Archives for January 2010

Are You a Compliant Animal Training Client?

compliant animal training client percentageAre you a compliant animal training client?

Let’s hope so because if you aren’t, the truth is that you are driving your animal trainer crazy!

I guess we should consider it job security but when you take pride in your work, the reward isn’t just the money you receive in exchange for those services, it is the changes in behavior and the lives of your clients that really are the positive reinforcers.

Recently I spoke with a client who has not been following up on a few directives she was given once I finished training her animal.

To say it is disheartening is an understatement because she fails to make changes that will benefit both her and her animal.

But, animals tend to be my priority, so even when I am busy with something else, if an animal appears it catches my attention—and so many animals tend to ask me for what they need.

On a day-to-day basis, pet owners seem to have a very different set of priorities than I do!

When one of the regional papers interviewed a neighbor in my community and she told them I was like the pied piper because all the animals ran up to me and knew me—and visa versa.

Anyway, it never ceases to amaze me when people hire an animal professional (of any type) and then fail to follow through.

They must be motivated to get help but I see and hear about the lack of compliance all the time.

Now in the past client’s case it is not just behavioral, it is something important that helps her to monitor her animal to keep him healthy—both behaviorally and physically.

It doesn’t take but about five minutes a week to monitor one thing and only about ten minutes twice a day on the other…the kicker is, when something goes wrong, she blames it on the animal and takes no responsibility for creating the situation.

If pressed, she makes excuses and perpetuates myths she wants to believe are true.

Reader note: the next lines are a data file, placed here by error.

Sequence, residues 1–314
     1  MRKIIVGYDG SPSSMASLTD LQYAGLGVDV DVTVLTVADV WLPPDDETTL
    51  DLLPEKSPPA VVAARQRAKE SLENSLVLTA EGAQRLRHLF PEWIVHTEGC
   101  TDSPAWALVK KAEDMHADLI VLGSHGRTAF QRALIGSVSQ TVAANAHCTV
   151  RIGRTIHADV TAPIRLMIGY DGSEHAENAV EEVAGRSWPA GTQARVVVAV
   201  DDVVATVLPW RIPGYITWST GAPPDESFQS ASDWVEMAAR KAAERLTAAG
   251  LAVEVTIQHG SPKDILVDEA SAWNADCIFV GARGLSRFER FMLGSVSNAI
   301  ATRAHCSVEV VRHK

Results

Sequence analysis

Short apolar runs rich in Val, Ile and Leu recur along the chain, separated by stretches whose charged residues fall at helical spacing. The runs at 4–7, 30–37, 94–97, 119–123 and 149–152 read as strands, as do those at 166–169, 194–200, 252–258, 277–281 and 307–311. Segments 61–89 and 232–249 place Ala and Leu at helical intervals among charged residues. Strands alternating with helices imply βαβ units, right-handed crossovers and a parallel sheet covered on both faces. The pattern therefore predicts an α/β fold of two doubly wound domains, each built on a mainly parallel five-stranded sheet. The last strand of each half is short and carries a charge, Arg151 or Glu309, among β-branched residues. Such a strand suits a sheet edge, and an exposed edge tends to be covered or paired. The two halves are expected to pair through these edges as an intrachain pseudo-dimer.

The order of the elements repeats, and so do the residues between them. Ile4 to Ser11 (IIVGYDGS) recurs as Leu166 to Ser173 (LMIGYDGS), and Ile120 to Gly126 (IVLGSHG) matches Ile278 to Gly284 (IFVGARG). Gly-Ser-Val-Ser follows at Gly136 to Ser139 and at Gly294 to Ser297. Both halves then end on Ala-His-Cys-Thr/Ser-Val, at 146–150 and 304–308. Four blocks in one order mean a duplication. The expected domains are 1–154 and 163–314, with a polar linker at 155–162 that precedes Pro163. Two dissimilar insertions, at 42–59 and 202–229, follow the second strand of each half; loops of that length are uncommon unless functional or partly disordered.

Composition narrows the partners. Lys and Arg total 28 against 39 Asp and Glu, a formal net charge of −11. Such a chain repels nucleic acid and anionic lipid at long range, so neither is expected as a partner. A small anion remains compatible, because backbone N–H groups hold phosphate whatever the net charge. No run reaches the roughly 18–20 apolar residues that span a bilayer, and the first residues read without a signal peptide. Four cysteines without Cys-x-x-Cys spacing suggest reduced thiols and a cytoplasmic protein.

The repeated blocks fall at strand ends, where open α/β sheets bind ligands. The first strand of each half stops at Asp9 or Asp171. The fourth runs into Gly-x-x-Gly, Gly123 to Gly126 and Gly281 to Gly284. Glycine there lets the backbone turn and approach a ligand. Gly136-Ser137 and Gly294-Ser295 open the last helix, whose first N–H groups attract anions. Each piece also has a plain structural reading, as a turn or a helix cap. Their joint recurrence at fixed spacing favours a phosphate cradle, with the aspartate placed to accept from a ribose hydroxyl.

Unfortunately, she is not alone in this world. Lots of people perpetuate myths about animals and their behavior.

At one time, when I still took clients without referrals, I’d prepare a history and training assessment report for the veterinarian’s file.

There was a section that actually anticipated the percentage of compliance I expected from the client.

In my work of behavior modification, I can measure and predict the progress of a client based on their compliance and diligence.

Those who adhere to the schedule assigned move along quickly, while those that don’t might need to see me again at a longer interval between sessions—otherwise they waste my time and theirs.


Unless they commit the time to building a solid foundation and to make steady progress to move forward in animal training or behavior modification program–it won’t happen or if it does–it takes eons.

If you are not meeting the goals your animal trainer has set for you, or you are not adhering to the program your animal trainer or behavior consultant gave to you—I want to know why.

Seriously, help me to understand why not. Is it a priority issue? Do you love your animal trainer so much you can’t bear to complete the program?

On the other hand, if you are compliant, tell me what motivates you to be so diligent.

In either case, I’d love to hear your story in the comments.

Trailer Loading (Clicker Training Video)

One of my regular comment participants here is Mary. She filmed this horse training loading video on the second day of training.

Training an animal to load can be a nightmare for a variety of reasons. The key is to create a positive association and to communicate clearly.

I’d be interested in seeing how the horse does after a ride or two.

I’ll be back with a training post but I am in a storm area of California where we are getting serious snow. So, in between clearing a path out, power outages, etc., I’ll have something more for you soon!

Drop by and check outMary’s blog–thanks for the video Mary!